published at POC.
Mideo Cruz’s “Primetime” is an intricate lattice of contradictions – subliminal vs. sensational, criticism vs. conformity, production vs. preservation, virtual vs. real – resulting in a visual explosion that will leave spectators wondering of its ambiguity or accepting its conviction.
Influenced by Aldous Huxley’s dystopian Brave New World and more contemporary readings by Naomi Klein and Eric Schlosser, investigative journalists and authors of The Shock Doctrine and Fast Food Nation, respectively, Cruz intimates his own depiction of the spectacles of excess, sensationalism and sometimes lunacy of corporate multimedia in “Primetime”.
The artist, known for his thought-provoking sometimes outrageous art projects, is himself not a stranger to sensationalism and spectacles of excess. He is at once victim and predator of both.
A year ago, Cruz was in the midst of one of the biggest controversies in the Philippine visual arts scene. His work, “Poleteismo”, which was part of group exhibition “Kulo” at the Cultural Center of the Philippines (CCP) Main Gallery launched on the occasion of Filipino national hero Jose Rizal’s 150th birthday, drew great flak from religious and conservative sectors of society for its provocative images and installation of religious artifacts and symbols counter-posed with phalluses and condoms.
Local and international media pounced on the issue. Cruz was demonized and attacked in social networking sites. The CPP was eventually pressured into closing down the exhibit and the event had since caused a dent in the credibility of the institution to uphold freedom of expression.
Though Cruz says that the concept for “Primetime” was conceived way before the controversy, the exhibition nonetheless conjures a stinging message of how he views the role of corporate multimedia in society.
In Fast Food Nation, Schlosser writes that the job of the flavorist is to invoke illusions about processed food so that “consumer likeability” is guaranteed. Cruz seems to both mock and embrace such a concept. His paintings are decorated with repetitive almost hypnotic patterns only to deviate in one of the frames, “Bona Fide”, where a backdrop of logos of big multinational corporations is painted instead, a brusque twist to so-called “consumer likeability”.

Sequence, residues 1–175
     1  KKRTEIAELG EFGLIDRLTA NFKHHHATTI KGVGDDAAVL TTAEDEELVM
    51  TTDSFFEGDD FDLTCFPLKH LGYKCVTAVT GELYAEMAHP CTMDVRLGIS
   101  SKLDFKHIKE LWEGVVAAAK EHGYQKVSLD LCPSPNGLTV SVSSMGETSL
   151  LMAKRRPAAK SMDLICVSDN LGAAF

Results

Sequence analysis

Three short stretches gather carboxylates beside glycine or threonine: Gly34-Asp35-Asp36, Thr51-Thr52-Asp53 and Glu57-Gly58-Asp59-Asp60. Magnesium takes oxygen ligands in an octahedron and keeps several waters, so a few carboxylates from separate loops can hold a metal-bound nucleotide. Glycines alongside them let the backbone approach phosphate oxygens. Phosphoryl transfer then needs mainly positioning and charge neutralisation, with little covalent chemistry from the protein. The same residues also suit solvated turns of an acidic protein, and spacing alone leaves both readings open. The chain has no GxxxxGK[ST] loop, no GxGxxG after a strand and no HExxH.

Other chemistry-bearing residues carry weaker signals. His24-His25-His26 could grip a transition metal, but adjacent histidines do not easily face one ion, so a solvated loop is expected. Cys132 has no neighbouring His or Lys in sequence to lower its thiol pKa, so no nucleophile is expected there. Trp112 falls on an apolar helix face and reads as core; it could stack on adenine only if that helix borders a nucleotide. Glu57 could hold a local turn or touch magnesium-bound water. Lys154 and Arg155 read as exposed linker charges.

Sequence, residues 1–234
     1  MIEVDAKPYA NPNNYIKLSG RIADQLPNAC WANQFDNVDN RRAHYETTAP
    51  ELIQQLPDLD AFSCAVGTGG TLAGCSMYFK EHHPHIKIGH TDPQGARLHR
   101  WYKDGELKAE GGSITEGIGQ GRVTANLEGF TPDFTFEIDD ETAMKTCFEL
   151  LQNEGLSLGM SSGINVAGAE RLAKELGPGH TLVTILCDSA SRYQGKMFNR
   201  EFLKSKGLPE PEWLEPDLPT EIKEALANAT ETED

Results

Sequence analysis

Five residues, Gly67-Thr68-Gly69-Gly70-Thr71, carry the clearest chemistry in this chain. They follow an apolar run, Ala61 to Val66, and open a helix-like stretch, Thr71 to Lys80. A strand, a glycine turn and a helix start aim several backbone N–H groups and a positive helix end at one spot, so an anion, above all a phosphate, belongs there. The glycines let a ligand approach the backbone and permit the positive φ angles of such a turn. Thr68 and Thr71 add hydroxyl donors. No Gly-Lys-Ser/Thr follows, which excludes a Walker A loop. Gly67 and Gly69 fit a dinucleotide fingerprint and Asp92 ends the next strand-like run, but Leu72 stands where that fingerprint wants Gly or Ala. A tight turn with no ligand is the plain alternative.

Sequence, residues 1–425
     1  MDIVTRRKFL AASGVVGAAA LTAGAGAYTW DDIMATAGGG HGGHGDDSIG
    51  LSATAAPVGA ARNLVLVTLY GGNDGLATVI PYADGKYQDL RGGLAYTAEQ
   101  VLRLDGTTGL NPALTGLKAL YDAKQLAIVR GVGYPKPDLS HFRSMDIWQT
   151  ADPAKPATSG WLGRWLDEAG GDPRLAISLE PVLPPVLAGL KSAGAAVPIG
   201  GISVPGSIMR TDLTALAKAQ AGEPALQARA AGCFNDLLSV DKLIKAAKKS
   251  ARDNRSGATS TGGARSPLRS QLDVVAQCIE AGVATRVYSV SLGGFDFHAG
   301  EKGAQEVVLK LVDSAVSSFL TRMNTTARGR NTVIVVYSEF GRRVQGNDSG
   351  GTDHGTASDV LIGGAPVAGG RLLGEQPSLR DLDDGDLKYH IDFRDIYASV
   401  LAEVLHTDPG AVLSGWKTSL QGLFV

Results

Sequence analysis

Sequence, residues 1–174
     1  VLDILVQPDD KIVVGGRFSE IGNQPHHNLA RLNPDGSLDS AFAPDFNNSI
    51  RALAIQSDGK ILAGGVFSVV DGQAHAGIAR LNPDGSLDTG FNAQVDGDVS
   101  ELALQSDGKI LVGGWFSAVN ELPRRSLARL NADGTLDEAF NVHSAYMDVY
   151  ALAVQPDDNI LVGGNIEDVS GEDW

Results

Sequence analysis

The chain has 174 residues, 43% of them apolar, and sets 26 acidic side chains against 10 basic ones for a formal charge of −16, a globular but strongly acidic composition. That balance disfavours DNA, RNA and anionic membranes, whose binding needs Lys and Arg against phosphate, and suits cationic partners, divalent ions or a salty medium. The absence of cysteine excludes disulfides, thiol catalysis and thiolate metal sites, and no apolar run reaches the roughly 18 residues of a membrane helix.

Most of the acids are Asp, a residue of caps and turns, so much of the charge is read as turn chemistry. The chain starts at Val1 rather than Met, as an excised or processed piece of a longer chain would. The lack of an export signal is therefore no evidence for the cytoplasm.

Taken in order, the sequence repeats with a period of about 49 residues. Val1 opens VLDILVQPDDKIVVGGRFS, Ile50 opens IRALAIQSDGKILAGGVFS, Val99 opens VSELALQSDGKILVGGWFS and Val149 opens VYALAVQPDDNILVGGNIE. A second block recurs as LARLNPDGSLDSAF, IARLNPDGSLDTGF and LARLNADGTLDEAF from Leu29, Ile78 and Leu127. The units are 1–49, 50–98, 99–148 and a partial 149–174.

The test card, commonly recognized as a television test signal when the transmitter is active but no actual program or picture is being broadcast, is thematic in the exhibition. Along with Cruz’s paintings of children in the series, the test card brings to mind Huxley’s “hatchery” from which people are not borne biologically but are hatched by the state in laboratories, divided into castes and conditioned to be happy despite their antipathy toward the state and higher castes.
Such is the power of multimedia that it can dictate happiness, infiltrate minds, bribe consumers, utilize public disorientation and deconstruct public perception to preserve a dominant order. Cruz further accentuates this by portraying people as homogenous clones, rigid, expressionless and faceless, programmed to conform.
The central image of the exhibition, “Radioactive”, is an oil-on-canvas painting of a dark explosion emanating from the ubiquitous test card. It imparts a somewhat futuristic chaotic texture to the whole series. Perhaps, for Cruz, it represents the state of corporate multimedia in its impending collapse – either through society’s continuous conformity preserving the existing hegemony or as a final result of a “revolution” of those who would dare to rebel.
In “Primetime”, the artist is both protagonist and antagonist. To be able to be critical of corporate domination and the prevailing cultural order, he has to engage in “spectacles” of his own and portray these in his own works. He relents that, in his present context, the message of his works can only be sensationally effectual if it goes “primetime”.
view Primetime here.